RIYADH, Sept 22 — K-pop seems to be unstoppable. For a long time, only the Middle East seemed to be unaffected by this South Korean music trend, which is spearheaded by groups such as BTS and Blackpink. But the genre is slowly but surely making progress in the region, especially in Saudi Arabia.
Until a few decades ago, music was viewed in a negative light in Saudi Arabia — especially music from the West. However, mentalities are changing in the ultra-conservative kingdom under the leadership of Crown Prince Mohammed Bin Salman. Although he is not king, he is the one who leads Saudi Arabia on behalf of his father, the 86-year-old monarch, King Salman. And this “second” sovereign is betting on culture to diversify the kingdom’s economy, which is highly dependent on oil.
With this in mind, Saudi Arabia is hosting more and more international events. KCON is one of them. This annual convention celebrating the Korean cultural wave will be held from September 30 to October 1 in Boulevard Riyadh City. Big names in K-pop such as New Jeans, ATEEZ, STAYC and The Boyz will take the stage during this major festival, organized by entertainment giant, CJ ENM.
The kingdom has been enjoying the sound of K-pop for a few years now. Super Junior was the first South Korean boy band to perform there in July 2019. Three months later, it was BTS‘ turn to perform at the King Fahd International Stadium in Riyadh, to a crowd of nearly 30,000 people, despite calls for a boycott from human rights activists and some of their fans.
However, the hit band had to make some artistic concessions in order not to incur the wrath of the country’s religious elites. “In consideration of local sentiment, some dance moves that involve revealing a member’s abdominal muscles [were] modified,” said Big Hit Music at the time. Morality and music are still very much linked in Saudi Arabia because of Wahhabism, an ultraconservative form of Islam which has the rank of state religion in the kingdom.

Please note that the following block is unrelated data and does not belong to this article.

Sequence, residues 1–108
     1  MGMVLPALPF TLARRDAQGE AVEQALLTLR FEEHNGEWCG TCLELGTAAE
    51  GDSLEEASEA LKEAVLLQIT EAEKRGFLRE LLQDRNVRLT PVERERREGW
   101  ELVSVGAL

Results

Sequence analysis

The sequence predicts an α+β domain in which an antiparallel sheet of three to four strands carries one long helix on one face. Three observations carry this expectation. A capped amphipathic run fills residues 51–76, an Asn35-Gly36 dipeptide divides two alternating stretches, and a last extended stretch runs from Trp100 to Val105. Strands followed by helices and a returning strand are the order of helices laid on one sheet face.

A genre that “fits well into mainstream Arab societies”
For Mohamed Elaskary, professor at Hankuk University of Foreign Studies in South Korea, this conservatism explains, in part, the success of K-pop in the Middle East. “Cultural factors play an important role in the success of Hallyu (the Korean Wave) in the Arab world,” he told Arab News. “Among these factors are the social habits and customs that Arabs share with Koreans, such as family bonds, love stories that are not explicit, friendship and altruism. Compared to Western pop music, with its nudity and obscene lyrics, K-pop fits well into mainstream Arab societies.”
And the Jordanian-British novelist and journalist Maan Abu Taleb agrees. “Not all of us want to forget that we’re Arabs, and maybe, contrary to popular belief, Arab youth doesn’t want suggestive content constantly splashed over their screens,” he wrote in GQ Middle-East.
With their smooth image and impeccable perfectionism, K-pop singers have everything to appeal in the region. And the figures prove it: the music genre saw a 140 per cent increase in listening on Spotify between January 2020 and January 2021, thanks to the platform’s users from the Middle East and North Africa. South Korean idols such as AleXa are tapping into this phenomenon by collaborating with Arab artists and performing in the United Arab Emirates and Saudi Arabia.
But these countries see a different interest in opening up to K-pop. Indeed, it allows them to consolidate their diplomatic links with South Korea, while giving themselves a more progressive image, which can notably appeal to tourists and foreign investors. “In the past, the Middle Eastern countries put more emphasis on hard power stemming from the economy and the military, but today, they are shifting to prioritise soft power, joining a fight for superiority in the cultural field to become a cultural hub,” Eum Ik-ran, a professor at the college of liberal arts at Dankook University, told the Korea Times. And it looks like K-pop can help them achieve that. — ETX Studio